Iran general: Army needs more funds to counter ISIS
General Ahmad-Reza Pourdastan warned Iran’s parliament when he said ISIS is ‘close’ to the Islamic republic’s border
A senior Iranian military official told parliament on Sunday the armed forces need a bigger budget to confront the Islamic State of Iraq and Syria (ISIS) group whose influence is growing in neighboring countries.
“We have to face a new threat in the region. Terrorist groups are close to our borders,” General Ahmad-Reza Pourdastan who commands Iran’s ground forces told parliament, media reported.
“Today we see the presence of Daesh in Afghanistan and Pakistan,” he said, using the Arabic acronym for ISIS.
Iran’s army and its elite Revolutionary Guards must be strengthened to be able “to buy tanks, transport vehicles and to overhaul our helicopters,” he was quoted as saying.
ISIS, which has seized chunks of Syria and Iraq to the west of Iran has also gained a foothold in its eastern neighbors Pakistan and Afghanistan.
The Iranian general, who warned that “the battle is on the ground,” did not say by how much the defense budget should be increased.
For the fiscal year ending in March 2016, the defense budget was increased by more than 30% to reach some $10 billion dollars. In addition, the armed forces receive $1.2 billion from sovereign funds.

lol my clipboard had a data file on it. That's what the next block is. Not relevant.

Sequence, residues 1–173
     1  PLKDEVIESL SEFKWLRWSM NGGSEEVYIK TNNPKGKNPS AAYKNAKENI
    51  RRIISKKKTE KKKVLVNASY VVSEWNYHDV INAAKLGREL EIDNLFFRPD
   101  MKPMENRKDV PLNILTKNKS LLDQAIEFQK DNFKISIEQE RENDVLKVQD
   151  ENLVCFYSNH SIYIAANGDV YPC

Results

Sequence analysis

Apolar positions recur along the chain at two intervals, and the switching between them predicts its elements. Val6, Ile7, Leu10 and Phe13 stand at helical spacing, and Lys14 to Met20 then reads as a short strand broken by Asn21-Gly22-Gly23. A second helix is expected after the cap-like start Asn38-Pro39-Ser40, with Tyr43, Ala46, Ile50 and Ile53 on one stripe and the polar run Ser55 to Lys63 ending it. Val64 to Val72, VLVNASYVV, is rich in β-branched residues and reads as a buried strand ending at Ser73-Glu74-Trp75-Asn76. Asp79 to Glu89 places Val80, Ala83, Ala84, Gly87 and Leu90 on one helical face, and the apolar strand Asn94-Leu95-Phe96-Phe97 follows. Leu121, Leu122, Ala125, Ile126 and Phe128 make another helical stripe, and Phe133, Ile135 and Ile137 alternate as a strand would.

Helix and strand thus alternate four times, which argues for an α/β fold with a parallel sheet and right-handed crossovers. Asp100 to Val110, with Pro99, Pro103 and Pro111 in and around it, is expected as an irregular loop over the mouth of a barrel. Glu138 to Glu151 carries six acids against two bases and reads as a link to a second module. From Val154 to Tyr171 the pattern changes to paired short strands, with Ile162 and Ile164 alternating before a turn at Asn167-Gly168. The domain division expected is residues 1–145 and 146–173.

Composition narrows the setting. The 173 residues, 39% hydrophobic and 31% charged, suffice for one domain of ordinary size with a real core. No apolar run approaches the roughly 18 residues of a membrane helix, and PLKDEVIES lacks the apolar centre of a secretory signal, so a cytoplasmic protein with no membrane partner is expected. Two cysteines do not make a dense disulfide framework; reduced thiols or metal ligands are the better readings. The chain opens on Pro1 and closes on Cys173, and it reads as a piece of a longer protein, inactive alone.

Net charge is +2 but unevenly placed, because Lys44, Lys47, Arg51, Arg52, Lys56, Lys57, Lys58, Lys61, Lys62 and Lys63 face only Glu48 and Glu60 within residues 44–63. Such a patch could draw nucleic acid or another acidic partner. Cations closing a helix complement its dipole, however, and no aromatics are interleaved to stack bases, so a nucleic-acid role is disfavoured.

Pourdastan told parliament that when ISIS launched its offensive in Iraq in June last year jihadists advanced to Jalula, just 40 kilometers from the Iranian border.
“In less than three days, we sent five brigades to the borders and our reconnaissance helicopters penetrated 40 kilometers into Iraq,” Pourdastan added.
Meanwhile, Iran has reportedly sent troops to Iraq to fight ISIS militants, U.S. defense officials said, according to the Associated Press.
The Islamic Republic, which sent small troops to allow Iraqi forces retake the major oil refinery of Beiji, also sent heavy weapons for Iraqi ground forces, one of the officials said.
Iran has stepped up its efforts in the Beiji Operation in recent days, the two officials, who spoke on condition of anonymity, said.
U.S. President Barack Obama said his country does not oppose the intervention of Iran in the Iraqi conflict as long as it operates under the control of Iraq’s government.
On Friday, a U.S. military statement said that Iraqi security forces and federal police have made “steady, measured progress” in regaining some parts of Beiji refinery compound.
The statement added that all forces involved in Beiji are “aligned with the government of Iraq” and under the control of Iraqi security forces.
However, it did not mention Iran’s role on the Beiji operation.
ISIS launched their fiercest attack on the Beiji refinery last month and now control large parts of the complex, according to Reuters.
The latest fighting has inflicted damage that will take years to repair, rendering the refinery idle at a time when Iraq is short of cash due to plummeting oil prices.
The refinery was liberated once before in November, but security forces failed to secure the area and deployed to other fronts, leaving the refinery a soft target.
Shiite regional power Iran has military advisers in Iraq and Syria and provides financial and military support to the governments of both countries in their fight against the Sunni extremists.
(With AFP and Associated Press)